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The new foreign policy and defense strategy is known as “the pivot to Asia” and was the focus of US President Barack Obama’s visit to Thailand, Myanmar and Cambodia in late November 2012.
The White House is trying to consolidate its trade and defense ties with countries in an area of the world that is increasingly coming under Chinese influence.
According to the Aerospace Industries Association (AIA), a trade group that includes US defense corporations like Lockheed Martin Corp, Boeing Co and Northrop Grumman Corp, growing Chinese defense budgets have set off new US sales in South and East Asia – sales that will also guarantee major deliveries.
“In the longer term, the US national security strategic “pivot” to the Pacific will almost certainly require increases in air and naval power – all of which are integrated and supported by space assets,” an AIA report released in December 2012 says.
“Long distances and the prospect of contested air space in the Pacific theater will require airpower – fighters; tankers; transports; intelligence, surveillance and reconnaissance platforms; and long-range penetration capability with UAS, bombers, missiles and rockets.”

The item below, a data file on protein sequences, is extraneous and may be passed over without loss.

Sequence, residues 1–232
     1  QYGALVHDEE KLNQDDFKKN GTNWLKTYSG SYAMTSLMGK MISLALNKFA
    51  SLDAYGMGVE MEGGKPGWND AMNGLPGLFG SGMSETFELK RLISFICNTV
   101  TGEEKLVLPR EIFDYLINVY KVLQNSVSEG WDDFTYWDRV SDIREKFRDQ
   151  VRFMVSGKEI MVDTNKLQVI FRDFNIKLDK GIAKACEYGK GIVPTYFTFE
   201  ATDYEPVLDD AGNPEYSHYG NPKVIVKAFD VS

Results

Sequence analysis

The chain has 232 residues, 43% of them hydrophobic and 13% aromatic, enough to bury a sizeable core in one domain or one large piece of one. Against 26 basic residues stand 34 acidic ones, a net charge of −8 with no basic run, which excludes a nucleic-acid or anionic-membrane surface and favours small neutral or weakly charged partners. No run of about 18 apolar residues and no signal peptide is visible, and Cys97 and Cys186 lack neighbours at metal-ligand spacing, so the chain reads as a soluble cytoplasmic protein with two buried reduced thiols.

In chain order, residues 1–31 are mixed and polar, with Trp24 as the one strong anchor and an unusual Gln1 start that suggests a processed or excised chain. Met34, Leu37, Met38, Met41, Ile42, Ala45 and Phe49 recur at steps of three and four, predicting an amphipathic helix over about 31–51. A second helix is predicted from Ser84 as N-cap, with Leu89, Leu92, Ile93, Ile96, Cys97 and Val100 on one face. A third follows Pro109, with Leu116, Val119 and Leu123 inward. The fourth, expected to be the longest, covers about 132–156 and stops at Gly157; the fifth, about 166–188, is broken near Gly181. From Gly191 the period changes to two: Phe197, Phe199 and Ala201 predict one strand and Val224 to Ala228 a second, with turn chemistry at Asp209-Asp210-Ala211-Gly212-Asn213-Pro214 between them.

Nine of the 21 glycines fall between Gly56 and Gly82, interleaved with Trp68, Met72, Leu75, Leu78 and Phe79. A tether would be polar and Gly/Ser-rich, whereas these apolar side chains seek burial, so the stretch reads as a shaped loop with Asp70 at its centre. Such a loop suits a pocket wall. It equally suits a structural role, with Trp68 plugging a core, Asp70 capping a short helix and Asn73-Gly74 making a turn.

The AIA report goes on to warn that the Asian pivot will ring hollow if it is not supported by adequate air power.
According to DefenceTalk.com, an online news portal dedicated to military and defence issues, the White House is increasingly turning its attention to China, which it says is heading to becoming an economic superpower.
The website claims that increased US arms sales and technology investments in Asia could stabilise the region by creating a military balance between China and its neighbours.
Earlier this week, the Pentagon’s Defense Security Cooperation Agency, in response to a Reuters request, revealed that arms sales agreements to US allies in Asia “rose to $13.7 billion in fiscal 2012, up 5.4 per cent from a year before”.
The figures in 2012 continue the trend from the year before when US weapons sales more than tripled in 2011, reaching a record high, according to congressional figures.
Contracts with Saudi Arabia accounted for $33 billion worth of weapons from the US in 2011; India came second with $9 billion in arms purchases.